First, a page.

From left: Reggie Barrows, Charlton Paul Jr. and Rich Miller. (Paul via UPS; Barrows and Miller provided by family)
Three members of the trucking industry who demonstrated courage and selflessness during the early days of the coronavirus pandemic were honored during American Trucking Associations’ Management Conference & Exhibition.
The 2020 COVID Heroes Awards were presented by Transport Topics on Oct. 27 during MCE, which was held virtually this year due to coronavirus-related safety concerns. The awards were presented in partnership with TrueNorth Cos., a risk management and insurance brokerage firm.
The three recipients were FedEx Express driver Reggie Barrows, UPS Freight driver Charlton Paul Jr. and Rich Miller, owner of Roberts, Wis.-based Miller Transfer Inc. Each person contributed to the well-being of his community while displaying dedication and professionalism as a representative of the industry. All three were also among those chosen earlier as Trucking’s Frontline Heroes by Transport Topics in a series that spotlighted members of the industry who went above and beyond the call of duty to keep essential goods flowing during the pandemic.
Saluting the men and women of the trucking industry who kept America’s essential goods flowing during the coronavirus pandemic.
“Hardworking professionals in the trucking industry always deliver for the nation, but this year has put the spotlight on just how important these individuals are to the country,” said TT Executive Editor Joe Howard. “We are proud to honor these three remarkable people.”
Barrows, who has been with FedEx Express for 28 years, provided parcels and positivity to people as he made his deliveries in Falmouth, Mass. Located on Cape Cod, Falmouth is a town of about 31,000 people. The 62-year-old Barrows participated in a project created by a local photographer, Lee Geishecker, who took family photos on front porches in an effort to lift people’s spirits. Instead of charging for the photos, she asked for donations to the local food pantry.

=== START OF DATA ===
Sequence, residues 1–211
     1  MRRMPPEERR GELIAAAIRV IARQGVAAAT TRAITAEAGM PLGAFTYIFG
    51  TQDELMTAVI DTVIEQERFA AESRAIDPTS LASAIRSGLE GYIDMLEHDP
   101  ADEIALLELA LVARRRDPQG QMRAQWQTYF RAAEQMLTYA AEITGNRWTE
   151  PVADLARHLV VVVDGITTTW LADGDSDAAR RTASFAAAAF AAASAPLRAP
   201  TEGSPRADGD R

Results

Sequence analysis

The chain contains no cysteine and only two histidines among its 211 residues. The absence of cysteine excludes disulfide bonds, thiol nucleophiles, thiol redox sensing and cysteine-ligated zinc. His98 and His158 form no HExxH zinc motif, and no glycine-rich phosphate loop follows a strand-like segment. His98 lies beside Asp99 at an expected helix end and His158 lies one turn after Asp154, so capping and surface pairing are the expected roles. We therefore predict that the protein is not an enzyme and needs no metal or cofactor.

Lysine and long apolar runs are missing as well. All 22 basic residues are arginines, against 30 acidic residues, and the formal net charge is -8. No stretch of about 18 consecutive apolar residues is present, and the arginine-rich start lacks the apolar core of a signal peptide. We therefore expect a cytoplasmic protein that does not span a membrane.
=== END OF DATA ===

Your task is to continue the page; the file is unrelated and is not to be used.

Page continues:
This picture of Barrows by photographer Lee Geishecker helped jump-start a fund-raising project for a local food pantry. (VagabondView Photography)
Barrows encouraged other people to participate in the photo project, too. Some 245 families posed, and the collection raised $30,000 in donations.
Paul, a 50-year-old UPS Freight driver from Chester, N.Y., found a way to help his hometown during the pandemic. Paul, who has been driving for 24 years, has volunteered for the United Way of the Dutchess-Orange Region in New York, built ramps and houses for people in need and taken part in hurricane relief efforts. Using his local and professional connections, Paul coordinated the delivery of 1,000 masks, 200 bottles of hand sanitizer and 4,500 pairs of gloves to Chester.
The town of Chester, N.Y., recognized Charlton Paul Jr.’s contributions after he delivered personal protective equipment that was donated by UPS. (UPS Inc.)
The third honoree is Miller, who hails from western Wisconsin. A milk hauler by trade, Miller has battled non-Hodgkin’s lymphoma and blood disorders for the last 4 1/2 years. When the pandemic struck, the western Wisconsin communities that specialize in dairy production found that demand had dropped. Without the reliability of wholesale and retail businesses to send their goods, many dairy farmers faced the difficult prospect of dumping their products.
Miller, 50, and his friend, Don Timmerman, created a cheese curd donation program at the Ellsworth Cooperative Creamery. He gradually widened the program’s range, contributing $5,000 of his personal funds and seeking out new donors. Word spread, and the cheese curd relief program received more than $60,000 in donations, resulting in the movement of over 28,000 pounds of cheese. Although weakness from chemotherapy treatments prevented him from making deliveries, Miller’s friends pitched in to ensure that curds were donated to more than 30 schools and 25 food pantries.
Sidelined by chemotherapy effects, Miller did the phone and computer legwork to raise funds and counted on girlfriend Jennifer Heinbuch, right, and friends Don Timmerman and John Vrieze to deliver donated cheese curds. (Family photo)
“This year, our three honorees showed selflessness, hope and resilience in the midst of a global pandemic,” said ATA Chairman Randy Guillot, president of Louisiana companies Triple G Express and Southeastern Motor Freight. “They are the COVID heroes.”
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